Analysis Of Emily Bronte's Wuthering Heights

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Emily Bronte’s Wuthering Heights has survived the test of time because of it’s continuous relevancy to generations of readers. It is more than just an entertaining love story, it is a study of revenge, hatred, passion, and choices. From this story the three main lessons to be learned are that vengeance cannot replace lost love, that the greatest love can cause the most pain, and that interfering in the affairs of others does more harm than good. Wuthering Heights is a great romance, but the revenge plot is just as important to making this novel the classic piece of literature it still is today. Heathcliff’s acts of revenge resonate with the readers because they show that vengeance is no substitution for love. Heathcliff was hated as a child…show more content…
Cathy can be used to represent Heathcliff’s greatest loss of love, not being able to spend his life with Catherine. Heathcliff first loses Catherine to Edgar, and then suffers from an even greater loss when Catherine dies and leaves him forever. Cathy’s existance is a constant reminder that Catherine is gone and all that is left of her is her daughter with Edgar. Heathcliff uses her in his ploys of revenge against her father, in his acquisition of the Grange, and forced her to marry and take care of the dying Linton alone. Heathcliff abused Cathy as Lockwood sees, “Heathcliff lifted his hand, and the speaker [Cathy] sprang to a safer distance, obviously acquainted with its weight” (Bronte 30). Heathcliff is heartbroken and full of rage when Catherine dies and even wishes Catherine be trapped as a ghost on earth, forced to wait for him before passing on because he can not live without her, but despite his dramatics and need to hold on to Catherine, he abuses the only earthly link to her remaining. His vengeful actions can not bring any positivity back and the cycle of anger does not bring him any joy, his heart is still empty. Heathcliff’s anger that Catherine has left him results in his abuse of Cathy, but this can not bring Catherine back and his acts of vengeance can not be substituted for the love he has…show more content…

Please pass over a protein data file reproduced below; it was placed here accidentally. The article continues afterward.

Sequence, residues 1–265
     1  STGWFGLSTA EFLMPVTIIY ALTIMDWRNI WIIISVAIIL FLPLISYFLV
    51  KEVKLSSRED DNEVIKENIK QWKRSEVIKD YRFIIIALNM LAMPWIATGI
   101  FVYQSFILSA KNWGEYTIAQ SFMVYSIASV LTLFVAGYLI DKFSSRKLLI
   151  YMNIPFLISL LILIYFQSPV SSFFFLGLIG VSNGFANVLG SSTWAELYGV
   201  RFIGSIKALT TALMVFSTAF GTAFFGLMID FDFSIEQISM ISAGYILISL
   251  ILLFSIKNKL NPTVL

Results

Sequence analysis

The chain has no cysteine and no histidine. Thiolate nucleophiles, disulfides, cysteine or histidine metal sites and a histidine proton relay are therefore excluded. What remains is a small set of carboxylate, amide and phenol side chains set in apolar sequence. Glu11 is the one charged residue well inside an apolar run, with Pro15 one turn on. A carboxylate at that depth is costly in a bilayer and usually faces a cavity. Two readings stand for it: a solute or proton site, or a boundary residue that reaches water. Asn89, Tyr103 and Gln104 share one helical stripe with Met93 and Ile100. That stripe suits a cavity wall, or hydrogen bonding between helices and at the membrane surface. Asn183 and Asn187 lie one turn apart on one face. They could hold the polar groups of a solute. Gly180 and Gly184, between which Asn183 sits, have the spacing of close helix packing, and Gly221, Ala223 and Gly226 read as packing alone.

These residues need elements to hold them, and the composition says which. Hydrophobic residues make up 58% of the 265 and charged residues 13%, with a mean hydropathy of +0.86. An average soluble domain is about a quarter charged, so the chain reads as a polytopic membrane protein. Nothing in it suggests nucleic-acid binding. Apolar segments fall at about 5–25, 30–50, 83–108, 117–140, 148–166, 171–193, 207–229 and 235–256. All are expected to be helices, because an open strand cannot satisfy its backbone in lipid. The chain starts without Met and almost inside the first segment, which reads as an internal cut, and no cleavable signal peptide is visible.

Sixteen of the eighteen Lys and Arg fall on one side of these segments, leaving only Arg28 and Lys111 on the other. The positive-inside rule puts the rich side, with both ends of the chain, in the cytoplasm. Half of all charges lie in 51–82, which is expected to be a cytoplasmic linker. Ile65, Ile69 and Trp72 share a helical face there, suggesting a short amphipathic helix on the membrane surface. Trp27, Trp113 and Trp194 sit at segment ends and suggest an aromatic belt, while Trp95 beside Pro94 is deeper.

Despite their love being so powerful, or perhaps because of it, they have many difficulties and are hurt most of all by each other. The lesson to be learned here is that it is the people you love the most that can cause you the most pain. Edgar is completely devoted to Catherine throughout the entire novel, he loves her with all of his heart and forgives her every wrong. After their marriage he still invites Heathcliff to his home to visit with Catherine and after the big argument when she locks herself away, he immediately forgives her when he realizes she has become ill. Edgar focuses his every thought on Catherine’s well-being and comfort even when she seems quite conflicted over the two men in her life. He waits patiently for her to be ready for the wedding despite having no hesitations himself. Edgar spends all of his days looking after Catherine, and once she is dead, he becomes a recluse, completely heartbroken. His love for Catherine was blinding and whole, but it was her actions with Heathcliff and her death that brought him the most

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